3. DON’T SKIMP ON THE OIL – Sorry, folks, but this is not a low-fat recipe. It’s fried. That’s what makes it delicious. So don’t try to get away with a few squirts from an olive oil spray bottle. You’ll need a solid 1/4-inch of oil on the bottom of the pan to get these to golden perfection.

4. BE CAREFUL. THIS IS HOT OIL WE’RE TALKING ABOUT – May seem obvious but it just takes one burn from a splatter of hot oil to ruin your day. Our advice is to use tongs to gently turn over the latkes – they allow you much more control than a spatula.

4. SEASON TWICE – If there was one single tip we could give you that could turn your home-cooked food from just OK to fantastic, it’s to learn to season correctly. This means using salt and pepper at multiple times during a recipe. For this one, you’ll add salt into the mix AND sprinkle some salt and pepper on the latkes when they come out of the pan. This ensures the flavors are all balanced. There’s nothing worse than a bland latke.


makes about 2 dozen

4 large russet potatoes, peeled

1 onion, peeled

1 cup flour

2 eggs

1 tablespoon salt

vegetable oil for cooking

Grate the potatoes and onions using the largest grating blade in your food processor. Use a clean kitchen towel to squeeze the vegetables dry in batches. Dump all of the dry veggies into a large bowl and add the flour, eggs and salt. Use your hands to mix together until well combined.

Add about 1/4-inch of vegetable oil to a large skillet and place over medium-high heat. To see if the oil is hot enough, drop a couple strands of potato into the oil – if it sizzles immediately, you’re ready to go.

Drop about 2 tablespoons of the mixture at a time into the oil creating little piles (don’t spread the piles too thin or they will fall apart when you try to turn them). Once golden on the first side (about 3 minutes), use tongs to gently turn over and cook until golden on the other side.

Remove and place on a paper-towel-lined baking sheet and immediately sprinkle with salt and pepper. Serve immediately with your favorite topping.

NOTE: Latkes do not hold well overnight. If you want to make them before serving, your best bet is to make them same day and let them sit at room temperature. Before serving, place them in a single layer on a baking sheet in a 400 degree oven and cook for 5 minutes until sizzling hot. If you have extra cooked latkes, they freeze nicely. Place them on a baking sheet in the freezer. Once frozen, combine them in a Ziploc bag and keep in the freezer for up to a couple months. To reheat, place directly from freezer on a baking sheet in a 375 degree oven and cook for about 15 minutes or until sizzling hot.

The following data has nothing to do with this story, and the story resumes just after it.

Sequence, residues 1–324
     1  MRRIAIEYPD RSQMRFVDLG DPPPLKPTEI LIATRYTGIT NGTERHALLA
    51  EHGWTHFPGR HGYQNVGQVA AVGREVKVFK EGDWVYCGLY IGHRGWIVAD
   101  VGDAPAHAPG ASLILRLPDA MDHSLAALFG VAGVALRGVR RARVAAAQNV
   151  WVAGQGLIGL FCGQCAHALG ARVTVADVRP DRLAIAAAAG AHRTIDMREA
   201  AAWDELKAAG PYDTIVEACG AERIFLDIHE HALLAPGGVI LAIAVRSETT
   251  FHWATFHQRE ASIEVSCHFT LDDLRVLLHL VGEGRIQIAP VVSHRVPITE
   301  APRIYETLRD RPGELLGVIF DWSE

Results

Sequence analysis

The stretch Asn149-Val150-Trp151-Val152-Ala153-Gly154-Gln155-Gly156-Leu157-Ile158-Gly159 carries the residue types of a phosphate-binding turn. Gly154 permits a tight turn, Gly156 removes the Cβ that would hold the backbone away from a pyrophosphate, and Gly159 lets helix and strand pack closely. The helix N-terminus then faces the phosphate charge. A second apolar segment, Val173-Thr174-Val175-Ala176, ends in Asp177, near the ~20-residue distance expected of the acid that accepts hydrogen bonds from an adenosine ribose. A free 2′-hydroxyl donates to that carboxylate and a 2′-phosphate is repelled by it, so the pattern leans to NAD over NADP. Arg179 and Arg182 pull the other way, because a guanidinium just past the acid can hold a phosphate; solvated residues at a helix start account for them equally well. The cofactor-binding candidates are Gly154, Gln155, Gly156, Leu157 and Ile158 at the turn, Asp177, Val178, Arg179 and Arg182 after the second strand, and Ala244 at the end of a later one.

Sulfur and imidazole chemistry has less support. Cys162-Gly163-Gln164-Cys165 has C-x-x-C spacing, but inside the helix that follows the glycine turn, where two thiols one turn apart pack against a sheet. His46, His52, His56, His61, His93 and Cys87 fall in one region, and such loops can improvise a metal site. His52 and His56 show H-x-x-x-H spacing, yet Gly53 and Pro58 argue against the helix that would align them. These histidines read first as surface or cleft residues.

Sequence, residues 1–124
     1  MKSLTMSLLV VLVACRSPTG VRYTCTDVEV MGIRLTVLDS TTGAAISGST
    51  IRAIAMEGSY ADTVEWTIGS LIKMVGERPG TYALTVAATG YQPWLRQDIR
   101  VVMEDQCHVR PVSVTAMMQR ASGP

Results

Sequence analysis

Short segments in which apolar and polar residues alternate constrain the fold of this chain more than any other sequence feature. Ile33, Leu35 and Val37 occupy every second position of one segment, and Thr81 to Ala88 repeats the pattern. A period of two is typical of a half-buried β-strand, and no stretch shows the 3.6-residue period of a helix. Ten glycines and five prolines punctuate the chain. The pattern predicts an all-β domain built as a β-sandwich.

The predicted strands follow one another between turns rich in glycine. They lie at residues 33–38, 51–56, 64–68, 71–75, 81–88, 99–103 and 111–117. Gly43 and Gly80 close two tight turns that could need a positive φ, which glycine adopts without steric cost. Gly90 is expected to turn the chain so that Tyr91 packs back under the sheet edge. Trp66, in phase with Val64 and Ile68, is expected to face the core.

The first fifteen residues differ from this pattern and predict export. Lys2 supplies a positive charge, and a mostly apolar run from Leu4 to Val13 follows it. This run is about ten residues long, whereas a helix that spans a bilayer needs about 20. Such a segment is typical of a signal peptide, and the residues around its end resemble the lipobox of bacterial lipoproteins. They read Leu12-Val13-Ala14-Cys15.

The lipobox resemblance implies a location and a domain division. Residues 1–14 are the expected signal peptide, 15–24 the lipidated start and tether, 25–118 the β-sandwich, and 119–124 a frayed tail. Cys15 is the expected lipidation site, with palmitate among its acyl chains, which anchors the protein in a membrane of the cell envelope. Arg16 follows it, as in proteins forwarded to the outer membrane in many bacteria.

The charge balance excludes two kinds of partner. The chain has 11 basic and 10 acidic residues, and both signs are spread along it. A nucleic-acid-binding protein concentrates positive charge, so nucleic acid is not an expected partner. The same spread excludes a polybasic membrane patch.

makes 1 1/2 cups

1 cup watercress leaves

1 clove garlic

1/4 cup fresh dill

zest and juice of 1 lemon

1 cup sour cream

1/3 cup mayonnaise

salt and pepper

Combine all the ingredients in a food processor and blend until smooth. Taste and season with salt and pepper.

Serve latkes with a dollop of this sauce and a small piece of smoked salmon.

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I’m always looking for new and interesting side dishes for the holiday table. There are so many food traditions this time of year, so many family culinary “rules” we are required to follow. Like how to perfectly roast a turkey (is basting really necessary?) or what size marshmallows go on top of the sweet potatoes (how about zero?). With all these traditions to keep, I think the one dish on the table that’s open to yearly interpretation is the vegetable dish. For many, it’s an unimportant side that’s just there to make us feel better about all the white food we’re eating. But for me, it’s a place of endless opportunity and inspiration. My tactic: make it as beautiful as possible so it steals the show from the entrée. This year’s contender: slices of orange squash lacquered with a ruby glaze, topped with a vibrant pesto and a sprinkle of pomegranate jewels.

This dish is not just nice to look at. It’s a delicious blend of sweet, tangy and salty flavors. First, I make a glaze of pomegranate juice, honey and orange. Then I use this glaze to brush onto the acorn squash slices while roasting. Meanwhile, I blanch kale and use it to make a pesto along with fresh mint, salty Parmesan and fruity olive oil. Finally, it all comes together topped with crunchy pomegranate seeds. The best part about it is it’s good hot or room temperature and can be prepped out ahead of time. Another plus: it’s a hearty dish that will delight any vegetarian guests you may have around your holiday table this year.

Note that you can change this recipe around in many ways. Use a different winter squash (butternut or kabocha would be excellent). Use a different green or herb for the pesto (arugula and basil is a fantastic mix of sweet and spicy).

serves 4-6

for the squash:

1 cup 100% pomegranate juice
1/3 cup honey
1 tbl orange zest
1 garlic clove, (peeled & left whole)
3 tbl butter, cold
4 lbs acorn squash, (2 small-medium)
salt and pepper, as needed
olive oil, as needed